Announcements:

Please contact the instructor if you want access to recordings of the lectures from this course.

The following lecture notes have been completed by students registered in the class:

A LaTeX template has been posted for you to use (if you wish) to start your writing assignment; it can also serve as a primer to LaTeX if you are less familiar with it. Making the .tex file compile is a first test of using LaTeX on your computer; the corresponding .pdf file has been posted as well just in case.
Lectures:
Mondays, Wednesdays, and Fridays, 10:0010:50 AM, room WMAX 216 (PIMS)
Office hours: by appointment (in person or by Skype)
Office: MATH 212 (Mathematics Building)
Email address:
Phone number: (604) 8224371
Course description:
This is a topics course in number theory, called “Analytic number theory II” or “Distribution of prime numbers and zeros of Dirichlet Lfunctions”. The twin themes of the course are to understand as well as possible the distribution of the zeros of Dirichlet Lfunctions (including the Riemann zetafunction), and then to use this knowledge to derive results on the distribution of prime numbers, with particular attention to their distribution within arithmetic progressions. The course will begin with a quick review of the prime number theorem and its analogue for arithmetic progressions.
Advertisement: There will be a conference on Lfunctions and their applications to number theory at the University of Calgary from May 30–June 3, 2011. Students who take this course should be wellprepared to get a lot out of that conference. Contact the instructor if you are interested in attending.
Prerequisites:
Students should have had a previous course in analytic number theory (for example, MATH 539 here at UBC). The background of students should include the following elements, all of which should be present in those who succeeded in MATH 539: a strong course in elementary number theory (for example, MATH 537), a graduate course in complex analysis (for example, MATH 508), and the usual undergraduate training in analysis (for example, MATH 320).
Evaluation: Each student will deliver three lectures for the course, and write up (in LaTeX) lecture notes corresponding to another student's three lectures. The lectures will be chosen by the student in consultation with the instructor from the list below; most students will choose to deliver consecutive lectures on the same topic.
The last day of classes is April 6, 2011; however, because there are no exams, the lectures will continue into the beginning of the final exams period to accommodate as many students and topics as possible.
Dates 
Speaker 
Topic 
Writer 
Draft due 
Article due 
Jan 10–12 
Greg 
Organization and introduction 



Jan 17–19 
Everyone 
Fourminute talks (all topics) 



Jan 21–28 
Greg 
Review on Lfunctions and primes in arithmetic progressions: explicit formula, zerofree region, exceptional zeros 



Jan 29–Feb 4 
Greg 
Primes in short intervals; irregularities of distribution (the Maier matrix method) 



Feb 7–11 
Nick 
Linnik's Theorem on the least prime in an arithmetic progression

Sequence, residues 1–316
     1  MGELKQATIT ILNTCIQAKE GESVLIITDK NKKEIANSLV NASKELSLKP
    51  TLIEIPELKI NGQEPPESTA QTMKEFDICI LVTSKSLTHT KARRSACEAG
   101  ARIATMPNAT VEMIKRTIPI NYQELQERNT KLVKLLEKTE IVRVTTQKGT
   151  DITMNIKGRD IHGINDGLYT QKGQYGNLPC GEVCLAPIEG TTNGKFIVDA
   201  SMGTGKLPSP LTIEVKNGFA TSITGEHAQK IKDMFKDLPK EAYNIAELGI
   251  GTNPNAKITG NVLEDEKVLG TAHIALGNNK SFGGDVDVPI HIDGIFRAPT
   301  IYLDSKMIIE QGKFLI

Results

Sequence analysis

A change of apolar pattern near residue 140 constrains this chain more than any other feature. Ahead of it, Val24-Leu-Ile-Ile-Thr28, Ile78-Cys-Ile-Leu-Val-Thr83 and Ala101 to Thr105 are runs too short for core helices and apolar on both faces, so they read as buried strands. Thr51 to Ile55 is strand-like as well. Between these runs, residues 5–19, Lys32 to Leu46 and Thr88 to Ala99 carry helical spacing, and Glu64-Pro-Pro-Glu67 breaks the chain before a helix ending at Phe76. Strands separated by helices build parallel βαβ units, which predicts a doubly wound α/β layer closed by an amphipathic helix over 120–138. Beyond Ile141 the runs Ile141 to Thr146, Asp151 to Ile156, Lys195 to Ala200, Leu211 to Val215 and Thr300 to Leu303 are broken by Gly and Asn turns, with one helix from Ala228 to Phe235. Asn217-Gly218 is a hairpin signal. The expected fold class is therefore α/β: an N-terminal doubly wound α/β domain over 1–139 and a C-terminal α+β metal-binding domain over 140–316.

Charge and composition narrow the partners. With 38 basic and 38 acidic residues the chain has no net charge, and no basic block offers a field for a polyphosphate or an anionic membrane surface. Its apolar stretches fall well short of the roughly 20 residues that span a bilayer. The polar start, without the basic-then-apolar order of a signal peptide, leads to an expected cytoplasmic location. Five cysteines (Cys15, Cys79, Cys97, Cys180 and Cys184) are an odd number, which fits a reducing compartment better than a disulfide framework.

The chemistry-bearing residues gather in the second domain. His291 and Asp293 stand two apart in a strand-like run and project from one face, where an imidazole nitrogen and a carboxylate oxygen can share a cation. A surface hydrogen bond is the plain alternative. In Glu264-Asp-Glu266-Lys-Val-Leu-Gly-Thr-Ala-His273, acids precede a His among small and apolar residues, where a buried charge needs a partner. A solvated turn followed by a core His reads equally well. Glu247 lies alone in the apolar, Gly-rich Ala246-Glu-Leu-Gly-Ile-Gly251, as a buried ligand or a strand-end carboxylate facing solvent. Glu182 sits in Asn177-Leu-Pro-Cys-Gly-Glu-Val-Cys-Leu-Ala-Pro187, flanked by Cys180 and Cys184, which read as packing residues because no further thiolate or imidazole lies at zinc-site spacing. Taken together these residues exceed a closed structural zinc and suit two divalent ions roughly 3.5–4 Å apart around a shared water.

Colin 
Feb 21 
Feb 28 
Feb 14–18 

(no class) 



Feb 21–25 
Justin, Greg 
Zeros on the critical line 
Eric 
Mar 28 
Apr 4 
Feb 28–Mar 4 
Tatchai 
The large sieve and the Bombieri–Vinogradov Theorem 
Nick 
Mar 14 
Mar 21 
Mar 7–11 
Daniel 
The least quadratic nonresidue and the least primitive root modulo primes (unconditional and conditional results) 
Carmen 
Mar 21 
Mar 28 
Mar 14–18 
Eric 
Analytic number theory without zeros (current work of Granville/Soundararajan) 



Mar 21–25 
Li 
Oscillations of error terms, Littlewood's results 
Tatchai 
Apr 4 
Apr 11 
Mar 28–30 
Justin, Greg 
The nonvanishing of Lfunctions at the critical point and on the real axis 



Apr 4–8 
Carmen 
Limiting distributions of explicit formulas and prime number races 
Daniel 
Apr 18 
Apr 25 
Apr 11–15 
Colin 
The Selberg class of Lfunctions 
Li 
Apr 25 
May 2 
Apr 18 
Greg 
Horizontal distribution of zeros of Dirichlet Lfunctions; zerodensity theorems 



Apr 20 
Greg 
Proofs of the prime number theorem that avoid the zeros of ζ(s) 



References for these topics:
 H. L. Montgomery and R. C. Vaughan, Multiplicative Number Theory: I. Classical theory (some errata have been posted online)
Note: draft versions of some chapters from their future sequel Multiplicative Number Theory: II. Modern developments can be found on the web.
 H. Iwaniec and E. Kowalski, Analytic Number Theory
 E. C. Titchmarsh (revised by D. R. HeathBrown), The Theory of the Riemann ZetaFunction
 The primary research literature (you can find references in the above books or by speaking with the instructor), almost all of which is searchable at MathSciNet
Possible references for fundamental analytic number theory:
 H. Davenport, Multiplicative Number Theory
 A. E. Ingham, The Distribution of Prime Numbers
 T. M. Apostol, Introduction to Analytic Number Theory
 P. T. Bateman and H. G. Diamond, Analytic Number Theory: An introductory course
Possible references for elementary number theory:
 I. Niven, H. S. Zuckerman, and H. L. Montgomery, An Introduction to the Theory of Numbers
 G. H. Hardy and E. M. Wright, An Introduction to the Theory of Numbers
Use of the web: After the first day, no handouts will be distributed in class. All course materials will be posted on this course web page. All documents will be posted in PDF format and can be read with the free Acrobat reader. You may download the free Acrobat reader at no cost. You may access the course web page on any public terminal at UBC or via your own internet connection.